Other startups in the field include Indian company Grey Orange ($30M raised), which already has over 300 employees. Its robots provide service to India's e-commerce giants Flipkart, Jabong, and Mahindra. German company Grenzebach also provides mobility devices that can handle different types of shelves, move along the floor reading barcode stickers for localization, and bring shelves to different areas for item packaging.
Caja: The Modular Warehouse
Amazon's Kiva robots are agile and efficient but they operate in no more than dozen of the total of 130 warehouses Amazon holds. In addition, Kiva's vision does not include an all-automatic warehouse. The tiny Kiva robots pick up shelves of products from the warehouse floor and bring them to a human employee who picks items and then packs them for shipping.
Also, Kiva's robots cannot separate shelves from one another, they are limited to the height of a human being, and can lift only up to 400 Kg - heavy weight makes them slow down.
A more innovative attitude towards the smart warehouse is presented by yet another robotics startup from Israel, Caja, which takes the Lego model and implements it into the logistics field.
Caja combines mobile robots, software, and hardware to create a solution that manages storage facilities with little to no human participation. Caja's system is based on patented bins that enable dynamic warehouse structure with a fully automated solution. The company's name comes from the Spanish word for box, alluding to the stackable crates that the company utilizes to store items and move them around.
Caja's robots will be able to automatically arrange warehouses and pick up specific items to be packaged as they are ordered. The robots developed there can transport individual crates, as well as rebuild and organize stacks of crates to meet demand. Unlike supermarket warehouses, e-commerce can be very trend based, and Caja is able to organize items in a warehouse accordingly in order to maximize efficiency.
Unlike some competitors, Caja plans to utilize three different robots, including a big one to carry large amounts of crates, a small quick one for moving individual boxes, and a mechanical arm to transfer items from crates into packaging for delivery. Caja's robots will be able to reach up to 6 meters in height, increasing space efficiency in warehouses.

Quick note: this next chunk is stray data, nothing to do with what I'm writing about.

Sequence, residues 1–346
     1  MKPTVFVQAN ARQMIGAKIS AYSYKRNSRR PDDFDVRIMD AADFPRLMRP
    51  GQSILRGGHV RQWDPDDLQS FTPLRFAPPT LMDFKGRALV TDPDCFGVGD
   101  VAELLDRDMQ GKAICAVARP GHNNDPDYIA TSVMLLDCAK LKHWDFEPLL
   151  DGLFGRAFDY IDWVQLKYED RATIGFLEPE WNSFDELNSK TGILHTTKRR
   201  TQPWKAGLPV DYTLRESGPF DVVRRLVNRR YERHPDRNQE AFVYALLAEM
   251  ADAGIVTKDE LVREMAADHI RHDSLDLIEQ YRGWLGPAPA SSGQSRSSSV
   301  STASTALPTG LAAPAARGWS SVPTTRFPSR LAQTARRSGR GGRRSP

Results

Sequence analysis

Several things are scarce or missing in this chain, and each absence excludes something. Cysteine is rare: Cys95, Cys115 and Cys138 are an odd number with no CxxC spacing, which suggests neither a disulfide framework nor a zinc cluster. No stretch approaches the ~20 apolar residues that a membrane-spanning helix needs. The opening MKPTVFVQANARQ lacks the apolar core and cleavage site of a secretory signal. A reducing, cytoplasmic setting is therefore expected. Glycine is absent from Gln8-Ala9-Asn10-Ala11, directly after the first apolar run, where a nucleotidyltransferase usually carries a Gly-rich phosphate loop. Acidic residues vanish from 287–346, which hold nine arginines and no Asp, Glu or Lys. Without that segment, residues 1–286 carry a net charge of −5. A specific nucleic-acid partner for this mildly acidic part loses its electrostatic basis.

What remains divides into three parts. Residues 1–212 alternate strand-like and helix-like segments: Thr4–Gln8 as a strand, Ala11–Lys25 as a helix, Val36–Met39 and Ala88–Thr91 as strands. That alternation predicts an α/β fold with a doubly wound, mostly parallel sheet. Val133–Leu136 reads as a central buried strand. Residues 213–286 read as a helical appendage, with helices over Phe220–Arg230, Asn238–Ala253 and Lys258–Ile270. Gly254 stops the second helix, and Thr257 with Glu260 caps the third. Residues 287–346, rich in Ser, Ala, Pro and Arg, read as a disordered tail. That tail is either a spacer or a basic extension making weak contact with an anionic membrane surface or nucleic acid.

Because Caja's system eliminates the need for human workers, it also allows for warehouses without lighting or air conditioning, as the robots can work in hot or cold environments. The company has mentioned plans to begin commercial use by the end of 2016.
Caja does not yet have a finished product, but has already been in negotiations about working together with a large German robotics company and with a large Russian logistics company to offer solutions to warehouses. The company has also considered selling their solutions to delivery services like DHL and Fedex, and even possibly temporarily leasing their robots.
Caja Systems' investors include former CEO of online casino company 888 and leading Israeli angel investor Gigi Levy-Weiss, Mark Lauterstein of the Sagi group, iAngels, and funding from the Israeli Office of the Chief Scientist. Levy-Weiss was also a Co-Founder and investor in social casino gaming company Playtika, which has since been sold twice. French billionaire Xavier Niel’s prolific Kima Ventures also invested in Caja Systems, along with at least 343 other companies in the firm's history.
According to Zirra,a research company that uses AI technology to analyze startups, Caja is valued only at about $3.2M - $5.2M dollars, with a low exit probability. The company is currently fund raising a Series A round from established VCs. See other insights taken from Zirra's algorithms here:
The global e-commerce market is worth $180 billion a year. Online stores have had to double their warehouse storage space every four years due to increased online shopping, and as more people buy online there is a greater need to manage warehouses faster and more efficiently. The bar for exits in Caja’s industry has been set by Kiva’s $775M sale to Amazon in 2012, although the field has become more crowded with competitors.